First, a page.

New Poll Shows Tax Fairness Was Important Consideration for 2/3 of Voters
North Carolina Federal Delegation Should Heed Voters’ Wishes: Make Nation’s Tax System Fair While Addressing Federal Deficit
This week the North Carolina Justice Center, along with partners from across the state, launched an effort to educate the public and to urge members of the North Carolina delegation to consider the question “Who pays: the richest 2 percent or the rest of us?” in the current federal debate about deficit reduction and the expiring Bush tax cuts.
“This poll and last week’s election results demonstrate that voters are paying attention to this issue. Average people care that our policymakers taking steps to reduce the federal deficit by allowing the tax cuts on income over $250,000 to expire,” said Alexandra Sirota, Director of the Budget & Tax Center. “It’s our job over the coming weeks as the debate heats up in Washington to remind Congress that we will no longer accept a tax system that asks more from the majority of us while the richest receive additional tax cuts. Who pays is the central question in this debate.”
The poll showed that by a 17-point margin (56 percent to 39 percent), voters still “think the best way for Congress to deal with the Bush tax cuts” is to “end tax cuts for those making over $250,000” compared to those who think Congress should “continue the tax cuts for everyone.” Independents (54 percent), moderates (64 percent), and swing voters who considered supporting the other candidate (62 percent) all support ending the Bush tax cuts for the richest 2 percent.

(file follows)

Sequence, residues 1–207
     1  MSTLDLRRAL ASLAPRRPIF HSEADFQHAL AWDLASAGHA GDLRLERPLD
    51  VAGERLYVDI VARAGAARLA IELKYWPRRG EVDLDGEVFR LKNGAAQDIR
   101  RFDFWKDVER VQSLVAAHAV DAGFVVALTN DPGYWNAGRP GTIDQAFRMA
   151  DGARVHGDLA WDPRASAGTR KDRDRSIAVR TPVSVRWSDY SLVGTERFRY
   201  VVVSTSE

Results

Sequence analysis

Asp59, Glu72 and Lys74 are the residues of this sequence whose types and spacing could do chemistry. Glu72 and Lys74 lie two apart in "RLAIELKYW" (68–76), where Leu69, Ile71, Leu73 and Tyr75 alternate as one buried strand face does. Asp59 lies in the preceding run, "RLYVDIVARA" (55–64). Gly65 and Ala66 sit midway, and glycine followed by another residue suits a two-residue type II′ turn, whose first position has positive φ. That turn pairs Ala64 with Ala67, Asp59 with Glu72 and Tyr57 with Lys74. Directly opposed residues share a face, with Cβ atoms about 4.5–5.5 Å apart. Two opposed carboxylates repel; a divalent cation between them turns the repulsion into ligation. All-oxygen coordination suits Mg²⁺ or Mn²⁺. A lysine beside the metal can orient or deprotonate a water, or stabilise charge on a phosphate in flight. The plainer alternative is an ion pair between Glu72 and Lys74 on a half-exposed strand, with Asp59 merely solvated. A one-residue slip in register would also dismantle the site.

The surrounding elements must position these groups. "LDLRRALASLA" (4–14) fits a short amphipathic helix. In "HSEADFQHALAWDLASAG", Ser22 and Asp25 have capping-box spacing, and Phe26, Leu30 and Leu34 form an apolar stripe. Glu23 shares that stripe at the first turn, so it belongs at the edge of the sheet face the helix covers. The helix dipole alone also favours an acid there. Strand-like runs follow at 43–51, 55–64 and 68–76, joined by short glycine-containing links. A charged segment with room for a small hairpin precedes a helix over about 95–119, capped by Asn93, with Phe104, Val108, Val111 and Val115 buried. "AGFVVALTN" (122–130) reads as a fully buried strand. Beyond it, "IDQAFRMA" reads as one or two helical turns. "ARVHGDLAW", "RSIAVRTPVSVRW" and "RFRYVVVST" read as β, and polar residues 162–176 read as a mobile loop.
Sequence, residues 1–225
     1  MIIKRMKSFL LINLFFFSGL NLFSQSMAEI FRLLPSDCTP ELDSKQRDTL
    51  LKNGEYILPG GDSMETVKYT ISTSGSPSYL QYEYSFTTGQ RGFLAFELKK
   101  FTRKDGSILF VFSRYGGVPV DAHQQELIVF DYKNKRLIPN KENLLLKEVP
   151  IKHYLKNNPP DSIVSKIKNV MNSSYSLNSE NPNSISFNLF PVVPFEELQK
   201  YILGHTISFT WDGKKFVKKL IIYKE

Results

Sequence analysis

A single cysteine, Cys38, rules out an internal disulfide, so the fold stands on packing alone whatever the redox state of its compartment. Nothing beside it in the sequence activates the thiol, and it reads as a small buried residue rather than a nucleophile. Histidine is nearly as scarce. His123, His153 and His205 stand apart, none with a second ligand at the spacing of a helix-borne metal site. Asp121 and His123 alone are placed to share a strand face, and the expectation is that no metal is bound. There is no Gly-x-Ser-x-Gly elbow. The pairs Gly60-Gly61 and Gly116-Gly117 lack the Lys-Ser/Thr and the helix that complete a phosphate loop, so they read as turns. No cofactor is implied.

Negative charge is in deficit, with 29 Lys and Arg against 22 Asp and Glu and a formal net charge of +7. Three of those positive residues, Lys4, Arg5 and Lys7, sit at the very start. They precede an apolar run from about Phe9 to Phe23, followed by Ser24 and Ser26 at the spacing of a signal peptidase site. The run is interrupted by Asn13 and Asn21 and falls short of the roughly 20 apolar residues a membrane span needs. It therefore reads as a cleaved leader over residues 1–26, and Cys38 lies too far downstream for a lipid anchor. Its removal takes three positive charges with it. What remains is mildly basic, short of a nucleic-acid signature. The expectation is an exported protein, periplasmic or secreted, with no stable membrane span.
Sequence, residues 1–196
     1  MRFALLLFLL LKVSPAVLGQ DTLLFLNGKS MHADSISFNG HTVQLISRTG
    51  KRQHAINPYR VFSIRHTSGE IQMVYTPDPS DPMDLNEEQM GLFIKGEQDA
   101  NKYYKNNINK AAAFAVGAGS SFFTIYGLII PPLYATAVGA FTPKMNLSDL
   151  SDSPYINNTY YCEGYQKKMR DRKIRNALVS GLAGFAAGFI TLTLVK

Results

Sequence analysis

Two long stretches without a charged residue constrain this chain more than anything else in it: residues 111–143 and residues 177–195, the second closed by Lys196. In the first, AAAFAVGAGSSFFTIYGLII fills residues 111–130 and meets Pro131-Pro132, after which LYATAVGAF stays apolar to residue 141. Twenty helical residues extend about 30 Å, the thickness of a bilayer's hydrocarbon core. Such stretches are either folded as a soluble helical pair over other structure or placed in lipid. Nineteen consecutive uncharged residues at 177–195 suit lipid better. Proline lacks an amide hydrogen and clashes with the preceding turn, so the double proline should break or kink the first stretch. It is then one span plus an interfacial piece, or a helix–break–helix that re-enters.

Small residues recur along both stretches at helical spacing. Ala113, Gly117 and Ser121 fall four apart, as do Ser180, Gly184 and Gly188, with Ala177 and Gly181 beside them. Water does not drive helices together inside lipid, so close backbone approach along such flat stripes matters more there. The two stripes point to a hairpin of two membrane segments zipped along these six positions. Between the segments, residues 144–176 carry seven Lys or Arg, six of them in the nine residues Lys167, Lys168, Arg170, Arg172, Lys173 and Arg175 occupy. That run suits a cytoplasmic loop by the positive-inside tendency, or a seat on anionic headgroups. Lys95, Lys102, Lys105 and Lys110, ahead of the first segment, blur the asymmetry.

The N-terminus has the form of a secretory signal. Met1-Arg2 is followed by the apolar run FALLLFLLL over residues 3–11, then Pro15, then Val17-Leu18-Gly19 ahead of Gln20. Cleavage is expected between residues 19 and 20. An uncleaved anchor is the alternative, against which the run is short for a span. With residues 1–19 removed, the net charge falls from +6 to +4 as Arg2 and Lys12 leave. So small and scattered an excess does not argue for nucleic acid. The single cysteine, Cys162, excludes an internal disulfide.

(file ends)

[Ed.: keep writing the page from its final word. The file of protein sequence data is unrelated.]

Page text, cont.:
“It is critical that North Carolina’s delegation honor voters’ wishes, reverse course, end the Bush tax cuts for the richest 2 percent and extend them for 98 percent of voters who need them,” said Allan Freyer, Public Policy Analyst with the Budget and Tax Center.
The poll also showed that voters concerned about the economy, want to reduce the budget deficit by increasing revenue through progressive tax measures, not by cutting Medicare and Medicaid.
• 84 percent of voters approve of increasing taxes on the profits American corporations make overseas to ensure that they pay the same taxes on those as they do on domestic profits.
• Voters also favor a surtax of five percent on personal income over $5 million (61 percent), ending the preferential tax treatment of the sale of stocks and other assets (61 percent), and increasing the estate tax on estates of more than $7 million (58 percent).
• In contrast, nearly two-thirds of voters (64 percent) disapprove of raising the age for Medicare eligibility from 65 percent to 67 percent, and 78 percent oppose cuts to Medicaid benefits.
Hart conducted the telephone survey of 1,009 voters nationwide (including 201 cell-phone only voters) on Nov. 7 – 9, 2012 to assess the role of the tax issue in voters’ electoral decision-making, attitudes on the issue of ending the Bush tax cuts for upper-income taxpayers, and support for various deficit reduction proposals.